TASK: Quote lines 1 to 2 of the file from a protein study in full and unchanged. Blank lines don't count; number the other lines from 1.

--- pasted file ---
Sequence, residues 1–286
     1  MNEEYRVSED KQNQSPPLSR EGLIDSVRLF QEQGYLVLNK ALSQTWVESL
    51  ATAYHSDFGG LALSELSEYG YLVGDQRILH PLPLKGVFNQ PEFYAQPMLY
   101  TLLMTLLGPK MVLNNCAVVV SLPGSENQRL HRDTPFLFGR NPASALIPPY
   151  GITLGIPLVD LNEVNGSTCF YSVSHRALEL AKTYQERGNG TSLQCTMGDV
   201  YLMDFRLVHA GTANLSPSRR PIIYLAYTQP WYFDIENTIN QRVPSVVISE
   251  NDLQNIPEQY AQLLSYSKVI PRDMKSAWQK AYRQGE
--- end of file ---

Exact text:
Sequence, residues 1–286
     1  MNEEYRVSED KQNQSPPLSR EGLIDSVRLF QEQGYLVLNK ALSQTWVESL